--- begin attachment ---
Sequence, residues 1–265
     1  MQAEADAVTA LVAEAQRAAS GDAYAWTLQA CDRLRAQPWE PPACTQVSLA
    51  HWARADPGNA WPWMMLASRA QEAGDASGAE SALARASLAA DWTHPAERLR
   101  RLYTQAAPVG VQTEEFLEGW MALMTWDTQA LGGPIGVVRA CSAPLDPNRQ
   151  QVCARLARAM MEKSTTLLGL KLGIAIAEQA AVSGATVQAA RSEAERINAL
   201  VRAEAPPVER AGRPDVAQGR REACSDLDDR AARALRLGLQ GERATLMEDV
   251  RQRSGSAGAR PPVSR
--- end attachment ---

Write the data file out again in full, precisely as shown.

Sequence, residues 1–265
     1  MQAEADAVTA LVAEAQRAAS GDAYAWTLQA CDRLRAQPWE PPACTQVSLA
    51  HWARADPGNA WPWMMLASRA QEAGDASGAE SALARASLAA DWTHPAERLR
   101  RLYTQAAPVG VQTEEFLEGW MALMTWDTQA LGGPIGVVRA CSAPLDPNRQ
   151  QVCARLARAM MEKSTTLLGL KLGIAIAEQA AVSGATVQAA RSEAERINAL
   201  VRAEAPPVER AGRPDVAQGR REACSDLDDR AARALRLGLQ GERATLMEDV
   251  RQRSGSAGAR PPVSR